Dental Photography in Dublin: The Cameras of Swords Orthodontics Part 2
Panasonic Lumix DMC TZ 70
This is the third Lumix DMC TZ (the TZ stands for Travel Zoom) that we’ve had in the practice. Although not an obvious choice for dental photography, its predecessor was very handy when we needed to shoot video and we didn’t have an SLR (Single Lens Reflex) camera with video. It’s also handy for blogging situations like events when the camera on a phone isn’t suitable.
The later models have a feature macro zoom which enables a limited capacity for dental photography but the flash is built into the body of the camera and not ideal for illuminating both sides of the mouth at the same time (or any object close to the camera) unless you have a means of modifying it.
The TZ 70 has been superceded by other models, but reviews tend to favour it in lower light situations over the subsequent models like TZ 80 and TZ 90, and I tend to prefer digital cameras with less megapixels packed into a given size of photographic sensor. As I understand it, the new TZ 100 (in Australia that’s TZ 110 and USA that’s ZS 100) has a sensor about 4 times the size of this camera's sensor, but it’s considerably more expensive (more than double the price as I write) and – for my money - offers little extra benefit as a work camera: I’d be using one of our SLRs for anything more demanding than this TZ 70 will handle.
In its favour:
- Exceptional lens – Leica “branded” 24mm which gives a very good wide angle and a massive optical zoom (I don’t like digital zoom)
- Manual focus which (once in a blue moon) can be critically faster if you’re taking photos of something moving fast
- Video – though I’d prefer the capability for external microphone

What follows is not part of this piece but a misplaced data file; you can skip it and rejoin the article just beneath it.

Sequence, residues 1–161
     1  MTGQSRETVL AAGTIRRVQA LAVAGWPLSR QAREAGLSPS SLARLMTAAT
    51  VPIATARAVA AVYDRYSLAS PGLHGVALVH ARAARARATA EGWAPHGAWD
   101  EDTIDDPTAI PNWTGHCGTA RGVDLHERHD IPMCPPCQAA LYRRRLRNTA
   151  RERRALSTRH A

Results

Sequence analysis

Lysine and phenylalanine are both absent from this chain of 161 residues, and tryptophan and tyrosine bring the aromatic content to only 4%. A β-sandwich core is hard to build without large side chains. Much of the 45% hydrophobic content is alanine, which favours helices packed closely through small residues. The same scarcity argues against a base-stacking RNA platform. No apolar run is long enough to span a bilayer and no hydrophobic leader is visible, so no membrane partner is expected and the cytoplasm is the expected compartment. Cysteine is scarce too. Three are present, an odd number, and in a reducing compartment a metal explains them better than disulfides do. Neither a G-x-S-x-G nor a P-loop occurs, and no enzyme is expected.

- Cost – intermediate price
- Reliability – well, to be honest, this is yet to be seen, but going on my experience of its predecessors, I’m expecting it to do well
- SD Card – I don’t know if anyone uses other memory cards nowadays, but this is clearly the mainstream one
- Production numbers – Panasonic make lots of cameras, so there are plenty of them about if you need to get spare batteries or repairs
- Portability – fits easily in a pocket and reasonably easy to set up if you need to hand it to someone unfamiliar with it. They should be able to take a good photo with it more easily than if they were using a strange phone.
- Features – I don’t use it, but it’s got wi-fi
- Intermediate performance – it’s not going to compete against SLRs, ¾ cameras, or big sensor compacts for picture quality
- Video – no external microphone, so if you’re doing video with commentary make sure you’re talking near the built-in mics and avoid too much background noise
- Flash is close to hand grip so sometimes it can be obscured by your fingers if you’re using it. I rarely use flash, but if you are then you need to check you don’t have a shadow over part of the picture. This makes it of limited use for taking teeth photos.
- Size – if you’re taking pictures in favourable conditions, maybe a good camera in your phone would do, so it’s one less thing to carry
- Unusual charging adaptor – I’d have preferred a micro-USB so I could just connect it to my phone charger arrangements
If you want to find out more about Basic Dental Photography and what camera is best for different situations then come to our next Dental Photography Bootcamp.